August 6th, 2015
On a recent trip to New York, my family and I encountered women, clad only in g-strings, parading down the street in body paint. Most of them were painted in patriotic colors or were in the process of being painted by passers-by willing to pay for the privilege. Some of the women had headdresses on, but none of them held a sign or gave any indication why they paraded around so…patriotically. I snapped a few pictures. The tourist in me wanted a few keepsakes to show back home, but I didn’t think much of the situation until a couple of women wrapped their arms around my husband and son’s arms and asked for money to have their picture taken with them.
Let me be clear. I had no issue with them wrapping their arms around my husband or my son. We were in New York, on their turf, and their bodies were painted. As a woman, I was incensed at their request for money. If they had been fully clothed, they wouldn’t have asked for money. It was their nudity, and that felt like a slap in the face to the feminist in me. My mind went down all sorts of dark paths: objectification, prostitution, marginalization of all the hard work women have put forth in our fight for equal rights, and the list went on. I judged them without asking about their purpose. I made assumptions about their behavior based on my own perceptions and a whole lot of ignorance.
Shame on me. Why shouldn’t they be able to ask for money the same way others dressed as SpiderMan or Captain America asked? Why did I view that as an assault on feminism? I”m sure many would view that as equality. Perhaps their presence had a deeper meaning. Maybe it was political. Maybe it was about freedom. I’ll never know because I was too busy judging. Good people do bad things, and I was bad for judging them.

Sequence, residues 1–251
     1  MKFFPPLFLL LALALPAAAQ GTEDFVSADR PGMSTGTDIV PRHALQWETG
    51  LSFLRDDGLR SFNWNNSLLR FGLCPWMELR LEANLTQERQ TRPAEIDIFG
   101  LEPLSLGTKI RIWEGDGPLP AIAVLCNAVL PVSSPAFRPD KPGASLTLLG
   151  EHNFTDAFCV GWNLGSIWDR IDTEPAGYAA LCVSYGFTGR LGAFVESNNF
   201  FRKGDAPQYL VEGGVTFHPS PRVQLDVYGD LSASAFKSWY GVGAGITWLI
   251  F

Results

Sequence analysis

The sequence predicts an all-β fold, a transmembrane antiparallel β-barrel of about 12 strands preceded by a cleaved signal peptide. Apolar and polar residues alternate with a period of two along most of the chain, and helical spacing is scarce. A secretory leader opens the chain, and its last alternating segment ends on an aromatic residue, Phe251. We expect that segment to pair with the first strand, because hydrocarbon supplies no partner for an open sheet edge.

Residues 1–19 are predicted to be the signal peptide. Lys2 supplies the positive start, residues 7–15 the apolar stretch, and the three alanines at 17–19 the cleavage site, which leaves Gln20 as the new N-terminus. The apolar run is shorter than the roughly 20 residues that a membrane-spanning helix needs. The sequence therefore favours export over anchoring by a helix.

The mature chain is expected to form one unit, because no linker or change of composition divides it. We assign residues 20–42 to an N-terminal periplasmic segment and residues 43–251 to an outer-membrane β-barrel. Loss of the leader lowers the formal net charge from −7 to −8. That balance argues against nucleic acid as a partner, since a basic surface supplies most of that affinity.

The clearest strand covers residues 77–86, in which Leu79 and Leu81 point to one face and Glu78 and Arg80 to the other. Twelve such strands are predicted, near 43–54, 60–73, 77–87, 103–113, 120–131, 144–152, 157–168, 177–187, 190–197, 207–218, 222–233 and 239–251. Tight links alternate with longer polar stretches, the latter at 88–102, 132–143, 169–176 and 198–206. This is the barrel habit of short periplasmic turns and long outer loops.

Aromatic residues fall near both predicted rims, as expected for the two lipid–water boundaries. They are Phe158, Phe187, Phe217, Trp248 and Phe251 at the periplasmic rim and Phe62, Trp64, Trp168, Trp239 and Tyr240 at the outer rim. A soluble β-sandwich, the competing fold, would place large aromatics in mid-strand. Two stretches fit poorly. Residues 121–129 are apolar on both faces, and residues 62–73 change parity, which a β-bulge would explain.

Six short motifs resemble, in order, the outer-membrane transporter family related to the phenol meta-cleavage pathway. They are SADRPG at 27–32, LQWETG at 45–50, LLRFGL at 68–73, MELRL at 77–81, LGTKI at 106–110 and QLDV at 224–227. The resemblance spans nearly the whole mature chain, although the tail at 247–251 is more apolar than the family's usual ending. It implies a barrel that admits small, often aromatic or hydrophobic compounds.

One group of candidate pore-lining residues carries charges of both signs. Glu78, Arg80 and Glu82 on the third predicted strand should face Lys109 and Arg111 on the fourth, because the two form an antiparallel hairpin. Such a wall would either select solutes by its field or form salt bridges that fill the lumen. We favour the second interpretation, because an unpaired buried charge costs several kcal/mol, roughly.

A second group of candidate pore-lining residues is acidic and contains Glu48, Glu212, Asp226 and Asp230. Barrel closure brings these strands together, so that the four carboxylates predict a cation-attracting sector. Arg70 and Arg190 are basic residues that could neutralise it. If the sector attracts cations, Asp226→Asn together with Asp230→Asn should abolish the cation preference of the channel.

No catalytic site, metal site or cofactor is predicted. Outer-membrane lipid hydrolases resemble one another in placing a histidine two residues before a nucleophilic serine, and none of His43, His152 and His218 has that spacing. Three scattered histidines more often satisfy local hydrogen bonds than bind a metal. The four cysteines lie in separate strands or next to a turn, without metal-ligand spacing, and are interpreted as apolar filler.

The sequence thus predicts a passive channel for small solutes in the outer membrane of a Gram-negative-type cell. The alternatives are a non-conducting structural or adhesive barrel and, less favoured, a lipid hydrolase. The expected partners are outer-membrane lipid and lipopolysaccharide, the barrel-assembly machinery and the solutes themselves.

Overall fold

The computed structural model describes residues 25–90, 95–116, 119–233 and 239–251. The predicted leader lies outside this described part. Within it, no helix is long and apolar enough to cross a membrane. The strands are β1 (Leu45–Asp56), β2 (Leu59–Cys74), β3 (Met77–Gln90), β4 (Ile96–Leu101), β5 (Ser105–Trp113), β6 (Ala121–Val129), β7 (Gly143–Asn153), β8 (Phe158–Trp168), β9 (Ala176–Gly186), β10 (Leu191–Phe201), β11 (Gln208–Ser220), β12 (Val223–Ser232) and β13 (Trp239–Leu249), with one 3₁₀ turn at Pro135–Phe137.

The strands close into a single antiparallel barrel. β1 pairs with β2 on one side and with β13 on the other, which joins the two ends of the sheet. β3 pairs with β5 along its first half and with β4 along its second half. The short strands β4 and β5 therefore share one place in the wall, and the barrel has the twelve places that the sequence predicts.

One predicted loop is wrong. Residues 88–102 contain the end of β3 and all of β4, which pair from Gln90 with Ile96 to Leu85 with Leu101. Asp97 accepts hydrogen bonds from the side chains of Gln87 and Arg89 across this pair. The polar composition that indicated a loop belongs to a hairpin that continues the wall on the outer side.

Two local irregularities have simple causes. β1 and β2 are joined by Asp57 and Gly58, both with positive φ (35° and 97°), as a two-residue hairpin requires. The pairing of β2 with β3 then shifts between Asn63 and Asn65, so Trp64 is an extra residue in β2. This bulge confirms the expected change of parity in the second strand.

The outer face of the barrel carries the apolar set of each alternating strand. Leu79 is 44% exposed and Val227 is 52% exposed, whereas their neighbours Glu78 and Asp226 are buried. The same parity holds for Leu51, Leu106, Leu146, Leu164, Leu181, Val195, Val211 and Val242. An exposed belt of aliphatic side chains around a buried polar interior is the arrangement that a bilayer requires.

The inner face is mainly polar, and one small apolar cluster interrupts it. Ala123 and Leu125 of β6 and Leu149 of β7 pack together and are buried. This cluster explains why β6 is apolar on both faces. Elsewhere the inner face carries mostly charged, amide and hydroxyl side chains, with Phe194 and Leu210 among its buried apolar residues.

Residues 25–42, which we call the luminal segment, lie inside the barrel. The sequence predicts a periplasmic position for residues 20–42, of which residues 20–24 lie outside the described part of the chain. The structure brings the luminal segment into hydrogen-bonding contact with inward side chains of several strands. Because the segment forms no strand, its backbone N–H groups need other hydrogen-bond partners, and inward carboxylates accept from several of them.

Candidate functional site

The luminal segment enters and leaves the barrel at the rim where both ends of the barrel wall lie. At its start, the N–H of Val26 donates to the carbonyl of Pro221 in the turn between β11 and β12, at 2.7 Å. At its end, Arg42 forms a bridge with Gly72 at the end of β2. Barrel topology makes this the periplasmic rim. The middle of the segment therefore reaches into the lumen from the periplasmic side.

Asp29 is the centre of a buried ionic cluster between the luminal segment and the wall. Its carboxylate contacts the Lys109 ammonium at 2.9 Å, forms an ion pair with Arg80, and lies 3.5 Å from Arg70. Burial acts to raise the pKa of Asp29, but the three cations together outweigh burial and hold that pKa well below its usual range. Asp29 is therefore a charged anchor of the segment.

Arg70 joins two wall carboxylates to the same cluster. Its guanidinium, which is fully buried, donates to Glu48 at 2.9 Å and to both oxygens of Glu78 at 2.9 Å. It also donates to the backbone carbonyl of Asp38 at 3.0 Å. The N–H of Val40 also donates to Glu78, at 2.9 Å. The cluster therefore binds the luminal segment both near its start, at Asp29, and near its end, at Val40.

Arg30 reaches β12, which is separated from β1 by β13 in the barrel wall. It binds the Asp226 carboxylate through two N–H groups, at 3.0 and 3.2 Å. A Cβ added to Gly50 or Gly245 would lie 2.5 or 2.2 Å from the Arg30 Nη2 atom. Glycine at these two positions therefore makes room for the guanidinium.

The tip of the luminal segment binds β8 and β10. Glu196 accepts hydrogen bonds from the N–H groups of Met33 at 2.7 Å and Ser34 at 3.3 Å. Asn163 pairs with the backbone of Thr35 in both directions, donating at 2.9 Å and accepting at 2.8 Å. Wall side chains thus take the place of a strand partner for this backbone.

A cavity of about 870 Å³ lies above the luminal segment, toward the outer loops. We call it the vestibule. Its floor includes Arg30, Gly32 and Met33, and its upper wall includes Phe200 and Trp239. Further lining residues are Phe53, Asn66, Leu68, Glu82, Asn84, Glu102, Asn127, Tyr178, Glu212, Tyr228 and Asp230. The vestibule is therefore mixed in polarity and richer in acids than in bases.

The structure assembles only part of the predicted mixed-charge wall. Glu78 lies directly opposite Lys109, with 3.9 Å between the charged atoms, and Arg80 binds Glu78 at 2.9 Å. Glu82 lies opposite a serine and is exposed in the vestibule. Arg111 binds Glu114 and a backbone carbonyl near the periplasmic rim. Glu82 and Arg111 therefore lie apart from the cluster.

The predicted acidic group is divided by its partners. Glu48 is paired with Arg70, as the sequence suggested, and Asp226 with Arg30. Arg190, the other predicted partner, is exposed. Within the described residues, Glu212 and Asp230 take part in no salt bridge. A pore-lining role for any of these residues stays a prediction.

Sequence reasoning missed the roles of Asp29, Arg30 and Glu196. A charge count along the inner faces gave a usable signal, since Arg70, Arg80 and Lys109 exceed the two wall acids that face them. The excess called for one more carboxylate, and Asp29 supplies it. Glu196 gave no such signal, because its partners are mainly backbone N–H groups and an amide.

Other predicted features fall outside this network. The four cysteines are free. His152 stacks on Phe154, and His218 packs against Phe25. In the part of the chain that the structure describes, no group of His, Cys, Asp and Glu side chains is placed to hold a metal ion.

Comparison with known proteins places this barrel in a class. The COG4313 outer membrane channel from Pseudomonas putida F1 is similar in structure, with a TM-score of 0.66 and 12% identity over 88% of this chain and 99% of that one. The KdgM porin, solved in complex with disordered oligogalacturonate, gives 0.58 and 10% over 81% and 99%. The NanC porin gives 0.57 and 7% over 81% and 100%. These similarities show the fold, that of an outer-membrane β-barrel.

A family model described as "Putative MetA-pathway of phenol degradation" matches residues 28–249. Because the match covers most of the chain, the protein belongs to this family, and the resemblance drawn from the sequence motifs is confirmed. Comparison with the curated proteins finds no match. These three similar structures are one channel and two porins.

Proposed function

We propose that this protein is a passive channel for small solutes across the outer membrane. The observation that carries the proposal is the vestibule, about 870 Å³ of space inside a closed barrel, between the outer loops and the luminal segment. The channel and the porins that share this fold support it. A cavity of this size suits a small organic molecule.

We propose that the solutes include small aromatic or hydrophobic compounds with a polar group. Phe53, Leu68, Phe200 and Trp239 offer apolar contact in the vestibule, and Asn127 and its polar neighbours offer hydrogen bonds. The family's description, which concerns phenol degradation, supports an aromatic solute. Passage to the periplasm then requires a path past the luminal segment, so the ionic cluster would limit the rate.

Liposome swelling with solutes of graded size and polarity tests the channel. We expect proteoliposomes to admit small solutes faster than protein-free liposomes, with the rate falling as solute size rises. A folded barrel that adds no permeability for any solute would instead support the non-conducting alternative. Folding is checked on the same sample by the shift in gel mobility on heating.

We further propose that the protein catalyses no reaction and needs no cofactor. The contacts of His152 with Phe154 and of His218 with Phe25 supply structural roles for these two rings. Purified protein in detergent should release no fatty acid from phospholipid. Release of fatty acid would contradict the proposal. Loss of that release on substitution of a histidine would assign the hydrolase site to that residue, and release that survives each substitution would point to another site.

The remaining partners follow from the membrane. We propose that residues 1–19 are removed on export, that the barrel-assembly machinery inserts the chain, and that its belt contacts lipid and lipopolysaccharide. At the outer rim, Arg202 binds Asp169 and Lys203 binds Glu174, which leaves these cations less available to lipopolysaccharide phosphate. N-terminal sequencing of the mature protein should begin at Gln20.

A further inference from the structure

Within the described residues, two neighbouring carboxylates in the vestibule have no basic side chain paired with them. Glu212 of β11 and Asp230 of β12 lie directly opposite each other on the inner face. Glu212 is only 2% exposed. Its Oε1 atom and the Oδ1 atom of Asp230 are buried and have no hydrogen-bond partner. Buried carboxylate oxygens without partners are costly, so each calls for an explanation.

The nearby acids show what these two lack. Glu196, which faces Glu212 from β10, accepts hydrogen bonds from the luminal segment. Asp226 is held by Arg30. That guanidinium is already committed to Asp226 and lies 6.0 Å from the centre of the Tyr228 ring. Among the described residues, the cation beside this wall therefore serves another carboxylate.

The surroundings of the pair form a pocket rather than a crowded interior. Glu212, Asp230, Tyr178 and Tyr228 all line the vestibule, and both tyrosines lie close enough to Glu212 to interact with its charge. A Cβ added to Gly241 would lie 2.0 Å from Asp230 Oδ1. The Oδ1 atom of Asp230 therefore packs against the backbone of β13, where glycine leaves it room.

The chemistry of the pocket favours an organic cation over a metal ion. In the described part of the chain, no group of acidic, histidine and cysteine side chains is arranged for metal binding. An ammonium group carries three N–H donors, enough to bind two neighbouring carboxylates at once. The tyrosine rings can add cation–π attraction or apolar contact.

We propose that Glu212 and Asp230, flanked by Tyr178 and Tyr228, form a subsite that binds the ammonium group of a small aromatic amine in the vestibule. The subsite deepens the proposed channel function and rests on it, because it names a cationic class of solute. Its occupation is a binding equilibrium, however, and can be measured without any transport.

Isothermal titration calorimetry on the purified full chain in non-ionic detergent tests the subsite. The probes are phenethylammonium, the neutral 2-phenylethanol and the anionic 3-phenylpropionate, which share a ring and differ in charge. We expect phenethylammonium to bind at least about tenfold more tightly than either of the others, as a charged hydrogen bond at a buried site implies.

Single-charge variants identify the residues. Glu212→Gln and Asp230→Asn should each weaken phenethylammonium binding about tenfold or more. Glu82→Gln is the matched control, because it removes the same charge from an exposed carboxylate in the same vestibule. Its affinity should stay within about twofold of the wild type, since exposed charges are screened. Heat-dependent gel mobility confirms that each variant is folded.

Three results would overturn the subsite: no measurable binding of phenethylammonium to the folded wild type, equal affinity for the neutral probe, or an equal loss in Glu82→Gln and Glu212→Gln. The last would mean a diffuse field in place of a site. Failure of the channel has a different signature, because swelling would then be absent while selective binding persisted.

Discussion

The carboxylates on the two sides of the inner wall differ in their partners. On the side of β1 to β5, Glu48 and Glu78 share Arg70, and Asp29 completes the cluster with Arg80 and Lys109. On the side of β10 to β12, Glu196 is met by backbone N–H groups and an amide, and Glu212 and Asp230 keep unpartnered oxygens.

One of the things I find most interesting about human nature is our need to rubberneck. Good people do bad things, and most of us want a front row seat. Some of us even carry stones. Social media gives us that front row seat to people both near and dear who’ve messed up, and strangers from around the world who’ve been unlucky enough to have their misdeeds splashed across our news feeds. Even in my own little microcosm of a world, everyone rubbernecks and wants to know what’s going on and who did what to whom. Theories are proposed, shared, and often become a truth whether or not any reality exists, in exactly the same way I made assumptions about the naked women of New York.
We all have those moments of weakness, or of need, or a moment of such abject loneliness or pain we do something to fill that void, soothe that hurt. Maybe it’s anger. Maybe we are at our wits’ end and our patience evaporates. Maybe we need money. Maybe we even mean to hurt someone in that moment, needing revenge, needing to cause them as much discomfort as they caused us. Whatever the reason, we snap and do something we shouldn’t. Perhaps, once the intensity of emotions subside, we’ll feel bad we hurt people with our actions, and maybe not.
We make judgements about lives and actions that are none of our business. Why? Is it our need to be seen choosing what we think is good and choosing what we think is right that makes us so vocal in our condemnation? Do we want our peers to think our moral compass and character is better than the poor fool who messed up? Do we feel better about ourselves when we perceive others’ actions as more egregious than our own?
Good people do bad things.
That doesn’t make us bad.
It makes us human,
and WE are ALL human.
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